The Missouri Senate Judiciary Committee has approved legislation that would create tough punishments for trafficking fentanyl.
“This legislation merely adds what many have labeled as ‘the deadliest drug in America,’ fentanyl and carfentanil, into our drug trafficking statutes,” Rep. Nick Schroer, R-O’Fallon, said at a Monday hearing . He is the sponsor of the proposed legislation, House Bill 1450.
If the bill passes, knowingly distributing, manufacturing or attempting to distribute or manufacture more than 10 milligrams of fentanyl will become a Class B felony in Missouri. Prison sentences for these crimes range from five to 15 years.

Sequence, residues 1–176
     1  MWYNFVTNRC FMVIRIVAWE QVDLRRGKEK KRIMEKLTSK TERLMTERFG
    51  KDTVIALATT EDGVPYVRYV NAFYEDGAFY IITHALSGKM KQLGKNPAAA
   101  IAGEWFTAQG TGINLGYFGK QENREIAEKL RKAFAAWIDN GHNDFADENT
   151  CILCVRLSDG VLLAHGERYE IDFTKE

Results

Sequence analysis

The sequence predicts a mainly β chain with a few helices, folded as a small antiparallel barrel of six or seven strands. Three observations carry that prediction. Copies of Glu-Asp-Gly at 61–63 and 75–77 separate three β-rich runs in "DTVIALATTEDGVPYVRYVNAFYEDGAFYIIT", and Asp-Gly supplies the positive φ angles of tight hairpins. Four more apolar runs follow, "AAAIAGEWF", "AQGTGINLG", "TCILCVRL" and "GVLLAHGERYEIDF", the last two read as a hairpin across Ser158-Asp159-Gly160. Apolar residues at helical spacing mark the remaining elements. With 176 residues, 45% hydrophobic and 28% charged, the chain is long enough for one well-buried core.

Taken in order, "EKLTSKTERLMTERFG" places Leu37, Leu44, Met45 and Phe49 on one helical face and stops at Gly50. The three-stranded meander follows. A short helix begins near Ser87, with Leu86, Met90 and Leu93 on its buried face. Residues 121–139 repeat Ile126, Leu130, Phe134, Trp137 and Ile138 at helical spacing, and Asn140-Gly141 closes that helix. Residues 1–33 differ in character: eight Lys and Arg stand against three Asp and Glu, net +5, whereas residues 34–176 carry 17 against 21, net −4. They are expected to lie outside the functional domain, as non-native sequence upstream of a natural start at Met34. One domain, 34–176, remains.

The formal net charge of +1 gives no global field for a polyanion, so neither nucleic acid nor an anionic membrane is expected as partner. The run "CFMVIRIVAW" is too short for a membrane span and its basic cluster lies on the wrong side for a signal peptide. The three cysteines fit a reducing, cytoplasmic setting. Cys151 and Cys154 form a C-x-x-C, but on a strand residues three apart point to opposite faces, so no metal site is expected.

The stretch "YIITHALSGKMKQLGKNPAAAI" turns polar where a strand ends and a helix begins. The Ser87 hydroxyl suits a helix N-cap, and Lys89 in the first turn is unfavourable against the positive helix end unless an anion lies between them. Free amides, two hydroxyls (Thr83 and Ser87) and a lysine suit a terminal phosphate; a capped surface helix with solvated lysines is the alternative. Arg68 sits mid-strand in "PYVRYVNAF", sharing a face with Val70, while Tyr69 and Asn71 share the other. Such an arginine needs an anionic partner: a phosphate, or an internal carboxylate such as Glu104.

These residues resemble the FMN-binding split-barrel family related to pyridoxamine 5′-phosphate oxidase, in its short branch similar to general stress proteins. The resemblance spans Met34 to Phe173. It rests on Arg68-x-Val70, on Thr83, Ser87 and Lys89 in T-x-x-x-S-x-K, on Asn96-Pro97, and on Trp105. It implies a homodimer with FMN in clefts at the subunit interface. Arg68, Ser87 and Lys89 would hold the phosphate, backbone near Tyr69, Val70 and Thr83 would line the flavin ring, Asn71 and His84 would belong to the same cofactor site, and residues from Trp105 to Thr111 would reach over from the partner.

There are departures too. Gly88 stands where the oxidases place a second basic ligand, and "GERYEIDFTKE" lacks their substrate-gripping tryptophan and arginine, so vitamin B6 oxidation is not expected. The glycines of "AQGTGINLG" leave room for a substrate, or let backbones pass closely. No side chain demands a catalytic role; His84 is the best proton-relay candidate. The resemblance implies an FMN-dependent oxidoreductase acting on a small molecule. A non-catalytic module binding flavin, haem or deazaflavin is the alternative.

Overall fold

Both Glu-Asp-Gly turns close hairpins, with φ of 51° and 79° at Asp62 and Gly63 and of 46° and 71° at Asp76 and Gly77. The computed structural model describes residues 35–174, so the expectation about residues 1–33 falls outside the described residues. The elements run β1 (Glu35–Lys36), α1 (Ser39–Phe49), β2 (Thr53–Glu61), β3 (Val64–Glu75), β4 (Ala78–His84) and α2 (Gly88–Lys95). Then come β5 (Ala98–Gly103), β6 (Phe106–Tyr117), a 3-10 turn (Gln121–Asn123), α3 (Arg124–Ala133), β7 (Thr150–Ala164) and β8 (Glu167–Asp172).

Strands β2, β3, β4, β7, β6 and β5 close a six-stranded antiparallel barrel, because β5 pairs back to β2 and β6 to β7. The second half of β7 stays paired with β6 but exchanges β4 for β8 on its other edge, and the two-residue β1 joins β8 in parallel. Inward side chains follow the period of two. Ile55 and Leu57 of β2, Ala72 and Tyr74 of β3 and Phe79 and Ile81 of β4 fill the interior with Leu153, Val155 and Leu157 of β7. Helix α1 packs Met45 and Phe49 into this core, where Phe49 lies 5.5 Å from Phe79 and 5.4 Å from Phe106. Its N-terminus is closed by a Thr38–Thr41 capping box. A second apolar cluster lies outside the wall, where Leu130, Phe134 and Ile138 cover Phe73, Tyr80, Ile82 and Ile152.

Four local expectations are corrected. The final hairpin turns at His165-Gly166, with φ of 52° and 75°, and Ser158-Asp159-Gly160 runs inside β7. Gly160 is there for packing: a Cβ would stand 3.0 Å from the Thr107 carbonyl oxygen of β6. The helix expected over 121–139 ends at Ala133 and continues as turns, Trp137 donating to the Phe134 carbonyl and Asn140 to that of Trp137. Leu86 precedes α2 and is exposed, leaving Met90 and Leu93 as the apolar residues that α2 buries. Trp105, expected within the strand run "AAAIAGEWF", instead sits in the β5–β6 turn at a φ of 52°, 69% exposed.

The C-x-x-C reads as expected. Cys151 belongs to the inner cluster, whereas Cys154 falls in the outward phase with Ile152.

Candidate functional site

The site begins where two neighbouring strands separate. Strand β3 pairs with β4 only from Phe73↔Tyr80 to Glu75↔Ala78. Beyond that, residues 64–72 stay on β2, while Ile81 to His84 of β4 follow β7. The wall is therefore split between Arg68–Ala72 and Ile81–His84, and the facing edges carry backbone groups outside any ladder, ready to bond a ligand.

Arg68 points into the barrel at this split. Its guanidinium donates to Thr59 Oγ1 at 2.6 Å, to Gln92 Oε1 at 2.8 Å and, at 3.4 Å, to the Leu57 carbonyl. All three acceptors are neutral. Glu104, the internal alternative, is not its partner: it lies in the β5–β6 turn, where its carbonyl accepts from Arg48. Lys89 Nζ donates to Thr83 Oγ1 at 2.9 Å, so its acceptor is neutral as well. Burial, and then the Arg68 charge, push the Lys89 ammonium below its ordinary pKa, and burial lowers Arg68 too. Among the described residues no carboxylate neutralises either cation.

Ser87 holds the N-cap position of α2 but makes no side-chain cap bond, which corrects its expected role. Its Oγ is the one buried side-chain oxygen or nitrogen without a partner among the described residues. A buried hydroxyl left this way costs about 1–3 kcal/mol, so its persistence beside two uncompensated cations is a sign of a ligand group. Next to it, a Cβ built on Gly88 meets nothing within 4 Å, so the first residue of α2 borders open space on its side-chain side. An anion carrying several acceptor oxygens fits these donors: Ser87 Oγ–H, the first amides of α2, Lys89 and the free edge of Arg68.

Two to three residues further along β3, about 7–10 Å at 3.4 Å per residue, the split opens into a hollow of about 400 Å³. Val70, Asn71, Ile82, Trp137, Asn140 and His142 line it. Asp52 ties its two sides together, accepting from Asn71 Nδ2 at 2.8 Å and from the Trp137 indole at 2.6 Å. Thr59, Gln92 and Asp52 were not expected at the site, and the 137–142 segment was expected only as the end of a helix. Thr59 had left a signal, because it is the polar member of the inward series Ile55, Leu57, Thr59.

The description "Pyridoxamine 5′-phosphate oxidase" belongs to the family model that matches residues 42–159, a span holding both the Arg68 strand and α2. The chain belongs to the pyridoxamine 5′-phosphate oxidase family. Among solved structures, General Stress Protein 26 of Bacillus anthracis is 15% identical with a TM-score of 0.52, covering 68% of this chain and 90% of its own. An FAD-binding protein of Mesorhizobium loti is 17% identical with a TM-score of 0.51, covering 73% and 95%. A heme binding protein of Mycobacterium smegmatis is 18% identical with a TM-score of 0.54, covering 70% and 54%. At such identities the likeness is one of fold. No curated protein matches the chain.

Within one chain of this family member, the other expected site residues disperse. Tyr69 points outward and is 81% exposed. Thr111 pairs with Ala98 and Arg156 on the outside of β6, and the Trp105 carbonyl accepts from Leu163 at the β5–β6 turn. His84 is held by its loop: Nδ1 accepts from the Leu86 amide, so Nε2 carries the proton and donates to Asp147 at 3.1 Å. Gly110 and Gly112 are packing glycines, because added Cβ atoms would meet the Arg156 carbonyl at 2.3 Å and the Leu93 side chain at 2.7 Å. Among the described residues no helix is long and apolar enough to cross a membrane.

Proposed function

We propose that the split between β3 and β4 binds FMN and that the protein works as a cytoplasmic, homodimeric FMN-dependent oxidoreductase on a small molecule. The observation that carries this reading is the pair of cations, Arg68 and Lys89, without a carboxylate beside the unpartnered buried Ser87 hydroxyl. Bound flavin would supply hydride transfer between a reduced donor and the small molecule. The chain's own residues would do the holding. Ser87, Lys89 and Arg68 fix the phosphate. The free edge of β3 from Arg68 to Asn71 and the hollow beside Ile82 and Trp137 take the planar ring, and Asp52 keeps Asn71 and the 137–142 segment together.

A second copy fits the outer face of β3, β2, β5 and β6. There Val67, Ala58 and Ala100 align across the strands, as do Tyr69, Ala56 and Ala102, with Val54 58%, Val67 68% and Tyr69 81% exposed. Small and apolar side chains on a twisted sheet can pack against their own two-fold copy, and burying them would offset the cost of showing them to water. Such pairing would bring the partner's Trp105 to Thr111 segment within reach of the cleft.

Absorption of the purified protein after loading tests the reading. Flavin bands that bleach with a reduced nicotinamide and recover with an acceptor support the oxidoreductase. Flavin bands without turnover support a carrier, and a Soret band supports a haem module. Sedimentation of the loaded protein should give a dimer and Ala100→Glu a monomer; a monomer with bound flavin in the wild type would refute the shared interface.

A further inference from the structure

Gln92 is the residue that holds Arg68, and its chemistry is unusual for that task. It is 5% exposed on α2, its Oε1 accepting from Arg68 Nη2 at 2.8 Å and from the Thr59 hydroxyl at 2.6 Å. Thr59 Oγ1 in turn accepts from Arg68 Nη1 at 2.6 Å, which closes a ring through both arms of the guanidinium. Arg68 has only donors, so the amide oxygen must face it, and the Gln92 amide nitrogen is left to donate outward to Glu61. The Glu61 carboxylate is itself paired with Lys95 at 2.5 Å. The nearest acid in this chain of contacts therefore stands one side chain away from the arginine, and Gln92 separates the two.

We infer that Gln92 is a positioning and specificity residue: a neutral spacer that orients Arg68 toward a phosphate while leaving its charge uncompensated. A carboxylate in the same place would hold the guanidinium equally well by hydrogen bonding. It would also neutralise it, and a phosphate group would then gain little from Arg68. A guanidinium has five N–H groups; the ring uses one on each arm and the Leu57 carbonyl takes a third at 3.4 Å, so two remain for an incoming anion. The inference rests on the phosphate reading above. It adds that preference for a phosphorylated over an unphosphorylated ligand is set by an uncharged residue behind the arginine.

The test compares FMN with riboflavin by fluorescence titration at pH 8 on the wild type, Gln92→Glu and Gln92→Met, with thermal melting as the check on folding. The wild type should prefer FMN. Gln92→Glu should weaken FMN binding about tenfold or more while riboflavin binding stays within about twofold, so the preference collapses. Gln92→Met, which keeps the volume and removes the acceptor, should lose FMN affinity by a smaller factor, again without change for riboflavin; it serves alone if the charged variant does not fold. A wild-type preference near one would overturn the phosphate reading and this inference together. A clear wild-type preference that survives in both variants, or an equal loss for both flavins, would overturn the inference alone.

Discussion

The legislation also would make it a Class A felony for crimes involving more than 20 milligrams of fentanyl. Prison sentences could range from 10 to 30 years.
During the committee hearing, no one testified in opposition to the legislation.
Fentanyl is a synthetic opioid that is considered 50 to 100 times more potent than morphine, according to the Centers for Disease Control and Prevention. In Missouri, deaths related to such synthetic opioids rose by 40% from 2017 to 2018, according to the National Institute on Drug Abuse.
Schroer’s legislation also makes trafficking all byproducts of fentanyl illegal under Missouri law. Under Senate social distancing procedures, Schroer presented HB 1450 in front of the Judiciary Committee from a balcony of the Senate chamber.
The fentanyl trafficking penalties are now part of a much larger criminal law bill that will head to the full Senate for debate. Other provisions in the new bill include pretrial witness protection programs, additional offenses for juveniles being tried as adults and several others.